Idolize Yourself

In the past couple of days I have been asked a few times: “who is your role model”?

The short answer is: I don’t really have one.

I used to idolize a few women in the fit community: Paige Hathaway, Dana Linn Bailey, Nikki Blackketter. Each one of those women is beautiful and strong. I spent so much time going through their photos thinking “I want to be like them” . But there is a reason that they say ‘comparison is the thief of joy’; the more you compare yourself to others, the less you focus on your own personal positive attributes. I mean, I spent months of looking at their pictures religiously and saying “someday that will be me”.

Now let me take a step back for a moment so I can explain better why and how this changed for me. Because truly, this is the actual picture that started me on my fitness journey:


Beautiful mystery woman with amazing core

This is the first picture I looked at and said “this will be me!”. I remember it seeing it for the first time so well, as I was vegging out on the couch scrolling through Instagram. I was fed up with the way I looked and felt. I believe at that moment, I took the leap into fitness and never looked back. And I don’t regret that. But what I realize now is that I will never be this mystery woman. And I will never be Paige Hathaway, Dana Lynn Bailey, or Nikki Blacketter. We are different people with different lives and different bodies. We are different, right down to our genetics. When you set your sights on being just like someone else, you set yourself up for failure. In comparing my own photo to this one, it is clear that we have completely different bodies. Mystery woman has a tinier waist, and her abs are shaped differently than mine. Her hips are also wider than mine. Check it out:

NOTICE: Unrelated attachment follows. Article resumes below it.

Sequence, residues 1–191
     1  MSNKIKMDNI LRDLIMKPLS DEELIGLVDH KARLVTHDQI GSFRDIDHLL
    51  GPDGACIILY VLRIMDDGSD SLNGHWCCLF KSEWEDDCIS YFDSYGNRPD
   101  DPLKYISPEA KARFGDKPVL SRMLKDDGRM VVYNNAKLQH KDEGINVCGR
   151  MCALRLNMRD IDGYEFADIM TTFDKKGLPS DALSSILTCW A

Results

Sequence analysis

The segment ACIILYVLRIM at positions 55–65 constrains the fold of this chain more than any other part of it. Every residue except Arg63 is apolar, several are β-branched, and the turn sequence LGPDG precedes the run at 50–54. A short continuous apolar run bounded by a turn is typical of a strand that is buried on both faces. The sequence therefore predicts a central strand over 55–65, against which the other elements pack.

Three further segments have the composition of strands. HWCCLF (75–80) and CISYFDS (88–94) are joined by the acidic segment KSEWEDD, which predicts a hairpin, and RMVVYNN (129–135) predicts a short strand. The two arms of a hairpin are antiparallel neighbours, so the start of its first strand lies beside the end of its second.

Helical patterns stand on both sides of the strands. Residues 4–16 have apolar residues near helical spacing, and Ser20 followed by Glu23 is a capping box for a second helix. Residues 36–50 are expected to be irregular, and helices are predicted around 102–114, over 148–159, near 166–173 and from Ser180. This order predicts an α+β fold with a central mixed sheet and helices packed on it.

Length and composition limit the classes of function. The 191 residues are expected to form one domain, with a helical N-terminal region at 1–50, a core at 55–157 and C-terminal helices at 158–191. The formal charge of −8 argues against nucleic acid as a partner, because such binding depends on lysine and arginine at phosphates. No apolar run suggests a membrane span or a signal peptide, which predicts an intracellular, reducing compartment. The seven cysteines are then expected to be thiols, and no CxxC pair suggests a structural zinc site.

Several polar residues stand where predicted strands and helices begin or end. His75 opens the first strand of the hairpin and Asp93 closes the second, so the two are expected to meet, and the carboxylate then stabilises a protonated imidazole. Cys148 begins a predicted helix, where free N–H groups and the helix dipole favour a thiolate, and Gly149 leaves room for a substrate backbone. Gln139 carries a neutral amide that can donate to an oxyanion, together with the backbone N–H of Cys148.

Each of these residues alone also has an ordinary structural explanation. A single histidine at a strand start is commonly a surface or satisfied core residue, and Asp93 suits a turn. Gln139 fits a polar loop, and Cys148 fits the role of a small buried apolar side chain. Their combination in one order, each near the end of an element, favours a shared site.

FullSizeRender (1)

My fit body, looking nothing like the mystery woman’s

There is not a thing wrong with either of our bodies, we are simply built differently. My fitness looks nothing like her fitness. My best cannot be her best. After realizing this, I decided I would look up to myself. Not myself in the present; myself in the future. I close my eyes and envision the best possible version of myself. I tell myself “that’s the woman I wanna be”. It motivates every day. It’s also a much more positive and realistic way of looking at our bodies and ourselves.

I still look at pictures of other beautiful fit women and think how amazing their lats are, or how much I envy their quads, but I acknowledge that my progress at that point might look a little different, and I’m okay with that. I’m beautiful and I’m only getting better and better.

4 responses to “Idolize Yourself”

  1. I am in awe of you and am so incredibly proud of you. You are such an inspiration to me each and every day and I am so blessed I get to know you. Reading your posts encourage me to be my best self always. This post especially about looking up to the highest version of yourself and the woman you are becoming resonated with me more than words can say. I have no competition except for my highest self and that is the motivation I needed to get myself closer to that woman I want to be. I really needed to read this today. Thank you for your words, your friendship, your love, and your compassion. Sending you endless love,


    • Becca, you writing this is so wonderful and everything to me! You are a pretty amazing version of your own dang self already – out there chasing dreams. I’m proud of you every day and I cherish our friendship no matter how near or far you are. Cheers to us continuing to influence each other in positive ways! I love you!


Leave a Reply

Fill in your details below or click an icon to log in: Logo

You are commenting using your account. Log Out /  Change )

Facebook photo

You are commenting using your Facebook account. Log Out /  Change )

Connecting to %s

%d bloggers like this: